Texas' Voter ID law -- which requires that voters show election officials an approved and up-to-date photo ID in order to cast a ballot -- has long been a point of contention. Since the Lege passed a voter ID requirement in 2011, many of its opponents have questioned whether the law unfairly singles out minorities.
While a legal challenge kept Texas' law from taking effect in time for the 2012 election, the landmark US Supreme Court decision in Shelby v. Holder last year invalidated a key provision of the Voting Rights Act, paving the way for Texas to implement its brand new(ish) voter ID law in time for the November 2014 general election. Another lawsuit filed last year in federal court that challenges the law is set to go to trial in Corpus Christi next week. If the state prevails, November 2014 could be Texas' first high-turnout election with a voter ID requirement.
According to VoteTexas.gov, Voter ID is pretty much the law of the land for now, even if the courts have yet to settle the issue:
In 2011, the Texas Legislature passed Senate Bill 14 (SB 14) creating a new requirement for voters to show photo identification when voting in person. While pending review within the judicial system, the U.S. Supreme Court issued its opinion in Shelby County v. Holder, which effectively ended all pending litigation. As a result, voters are now required to present an approved form of photo identification in order to vote in all Texas Elections.
The problem with this equation? Well, opponents of the law say that if you're a poor minority, chances are you're less likely to have an acceptable photo ID, which means you're less likely to vote.
Don't believe us? Check out these handy maps assembled by Dr. Gerald Webster, a geography professor who filed the maps in court this summer.
The maps that Dr. Webster compiled are broken down by demographics in Houston (and in every other Texas metro area), from minority neighborhoods to areas with little access to transportation. If you compare those maps to the one showing where residents are less likely to have photo ID, the pattern is pretty astounding.
The above map shows the areas of Houston that are predominantly black.
This map shows poverty in Houston.
And the above map here shows the areas of Houston with the highest percentage of people without an acceptable voter ID. Looks familiar, no?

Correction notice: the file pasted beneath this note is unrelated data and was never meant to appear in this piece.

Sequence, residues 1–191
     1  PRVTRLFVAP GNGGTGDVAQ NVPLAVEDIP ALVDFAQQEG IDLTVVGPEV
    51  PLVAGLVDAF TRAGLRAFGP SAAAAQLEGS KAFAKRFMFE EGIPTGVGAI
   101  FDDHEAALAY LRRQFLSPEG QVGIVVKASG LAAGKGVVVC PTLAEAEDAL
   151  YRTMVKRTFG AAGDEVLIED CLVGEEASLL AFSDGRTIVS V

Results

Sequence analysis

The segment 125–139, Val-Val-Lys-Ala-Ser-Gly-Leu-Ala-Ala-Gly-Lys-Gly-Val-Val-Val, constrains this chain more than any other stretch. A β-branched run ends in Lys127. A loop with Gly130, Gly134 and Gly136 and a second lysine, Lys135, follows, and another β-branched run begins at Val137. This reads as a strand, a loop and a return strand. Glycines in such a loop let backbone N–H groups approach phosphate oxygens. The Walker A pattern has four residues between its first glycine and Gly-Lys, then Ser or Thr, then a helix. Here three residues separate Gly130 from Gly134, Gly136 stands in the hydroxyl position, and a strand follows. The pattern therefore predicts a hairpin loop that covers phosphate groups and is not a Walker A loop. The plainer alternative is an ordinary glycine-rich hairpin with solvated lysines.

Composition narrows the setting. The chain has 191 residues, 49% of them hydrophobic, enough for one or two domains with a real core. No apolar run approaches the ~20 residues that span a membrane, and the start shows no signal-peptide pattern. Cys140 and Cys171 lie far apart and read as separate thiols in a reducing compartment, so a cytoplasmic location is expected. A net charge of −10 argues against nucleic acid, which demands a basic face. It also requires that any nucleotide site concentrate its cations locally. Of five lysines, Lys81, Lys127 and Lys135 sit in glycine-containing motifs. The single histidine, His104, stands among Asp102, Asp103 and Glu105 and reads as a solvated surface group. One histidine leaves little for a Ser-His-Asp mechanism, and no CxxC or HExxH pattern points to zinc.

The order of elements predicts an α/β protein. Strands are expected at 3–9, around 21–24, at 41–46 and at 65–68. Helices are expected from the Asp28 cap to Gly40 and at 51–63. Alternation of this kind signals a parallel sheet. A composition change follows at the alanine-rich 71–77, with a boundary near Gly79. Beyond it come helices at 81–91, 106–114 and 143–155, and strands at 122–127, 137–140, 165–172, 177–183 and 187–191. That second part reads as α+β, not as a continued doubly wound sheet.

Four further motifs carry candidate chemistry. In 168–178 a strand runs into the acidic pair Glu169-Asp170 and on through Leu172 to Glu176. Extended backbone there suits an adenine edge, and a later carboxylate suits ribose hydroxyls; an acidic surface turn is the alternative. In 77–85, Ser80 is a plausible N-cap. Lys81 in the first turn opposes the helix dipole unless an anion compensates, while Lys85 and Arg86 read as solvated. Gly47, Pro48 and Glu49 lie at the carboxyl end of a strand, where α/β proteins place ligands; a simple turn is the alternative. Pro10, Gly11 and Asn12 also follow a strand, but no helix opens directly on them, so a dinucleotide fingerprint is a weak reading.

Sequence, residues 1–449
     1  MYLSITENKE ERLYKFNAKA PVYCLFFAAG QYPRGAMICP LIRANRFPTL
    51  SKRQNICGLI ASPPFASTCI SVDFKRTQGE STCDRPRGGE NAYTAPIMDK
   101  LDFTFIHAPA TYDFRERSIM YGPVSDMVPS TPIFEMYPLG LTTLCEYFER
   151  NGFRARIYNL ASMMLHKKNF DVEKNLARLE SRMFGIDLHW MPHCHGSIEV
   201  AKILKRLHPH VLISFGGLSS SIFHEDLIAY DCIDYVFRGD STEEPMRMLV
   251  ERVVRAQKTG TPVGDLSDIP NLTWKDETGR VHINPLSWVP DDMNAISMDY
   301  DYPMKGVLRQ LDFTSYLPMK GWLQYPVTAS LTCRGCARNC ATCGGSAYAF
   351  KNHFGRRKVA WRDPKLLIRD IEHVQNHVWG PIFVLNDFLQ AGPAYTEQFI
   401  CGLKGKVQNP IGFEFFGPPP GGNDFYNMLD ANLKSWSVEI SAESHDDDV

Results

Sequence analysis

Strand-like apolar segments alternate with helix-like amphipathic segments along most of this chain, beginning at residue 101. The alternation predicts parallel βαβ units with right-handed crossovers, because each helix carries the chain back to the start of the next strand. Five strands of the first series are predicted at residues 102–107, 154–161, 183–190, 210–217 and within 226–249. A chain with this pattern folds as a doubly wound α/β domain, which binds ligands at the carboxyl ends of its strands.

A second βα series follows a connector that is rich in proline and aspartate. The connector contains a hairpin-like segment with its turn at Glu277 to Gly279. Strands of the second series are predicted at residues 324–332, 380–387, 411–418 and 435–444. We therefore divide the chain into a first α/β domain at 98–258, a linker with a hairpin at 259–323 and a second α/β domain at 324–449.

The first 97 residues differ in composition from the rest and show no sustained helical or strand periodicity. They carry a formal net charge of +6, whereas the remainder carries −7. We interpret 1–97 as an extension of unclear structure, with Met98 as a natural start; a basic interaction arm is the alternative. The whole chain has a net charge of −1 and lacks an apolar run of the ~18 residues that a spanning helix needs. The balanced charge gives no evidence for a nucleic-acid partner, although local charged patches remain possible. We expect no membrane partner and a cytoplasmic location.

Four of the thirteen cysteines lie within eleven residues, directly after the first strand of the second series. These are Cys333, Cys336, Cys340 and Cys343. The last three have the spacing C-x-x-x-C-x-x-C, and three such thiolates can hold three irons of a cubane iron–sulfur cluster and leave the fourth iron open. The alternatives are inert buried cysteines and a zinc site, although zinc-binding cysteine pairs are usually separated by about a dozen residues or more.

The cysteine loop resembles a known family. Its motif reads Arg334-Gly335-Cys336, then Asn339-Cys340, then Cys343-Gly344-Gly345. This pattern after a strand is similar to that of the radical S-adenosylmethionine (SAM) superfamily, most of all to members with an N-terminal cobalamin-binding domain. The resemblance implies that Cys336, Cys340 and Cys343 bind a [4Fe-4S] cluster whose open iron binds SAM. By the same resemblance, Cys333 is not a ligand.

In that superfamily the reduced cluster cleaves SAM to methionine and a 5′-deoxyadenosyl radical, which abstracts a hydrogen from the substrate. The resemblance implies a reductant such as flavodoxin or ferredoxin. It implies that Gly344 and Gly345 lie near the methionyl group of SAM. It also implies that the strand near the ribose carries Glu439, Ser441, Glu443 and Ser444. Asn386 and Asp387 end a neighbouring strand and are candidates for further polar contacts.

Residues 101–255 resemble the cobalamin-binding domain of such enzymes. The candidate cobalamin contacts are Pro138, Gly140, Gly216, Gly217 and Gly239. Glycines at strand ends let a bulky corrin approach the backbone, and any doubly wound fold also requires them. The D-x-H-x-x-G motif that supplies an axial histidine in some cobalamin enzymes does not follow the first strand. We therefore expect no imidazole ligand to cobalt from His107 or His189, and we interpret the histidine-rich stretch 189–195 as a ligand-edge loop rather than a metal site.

Finally, here's map of the areas of Houston showing access to a vehicle. Starting to see a trend?
What we see here is the higher cost to participate in the voting process for people already living in poorer parts of town. If you want to vote, you must take time away from work to travel to a DPS office within the city in order to obtain a photo ID.
We Believe Local Journalism is Critical to the Life of a City
Engaging with our readers is essential to the mission of the Houston Press. Make a financial contribution or sign up for a newsletter, and help us keep telling Houston’s stories with no paywalls.
Support Our Journalism
That gets even harder when there's no access to personal transportation, which obviously puts low-income residents at a disadvantage. And in Houston, that disadvantage is pretty significant. The average travel time to a DPS office for a person with a vehicle, one-way, is about 10.5 minutes. Not too bad for a city as spread out as Houston. But if you're taking a bus to a DPS office to get that photo ID, you're looking at about 66.7 minutes worth of travel time -- in one direction. Oh, and that's not factoring in the distance from one's home to the bus station, and from the bus station to the DPS office -- which can add even more travel time.
So, it basically takes Houston's bus-riders -- i.e. folks in areas where they can't afford a car -- about 6.3 times longer to get approved ID so that they can vote. That might be a slight hindrance, no?
If you're already poor and you can't access your local DPS office in a feasible, cost-effective way, chances are you'll be less likely to get an approved ID than those living in richer neighborhoods who have cars. Which means you'll be less likely to vote.
That's cause and effect.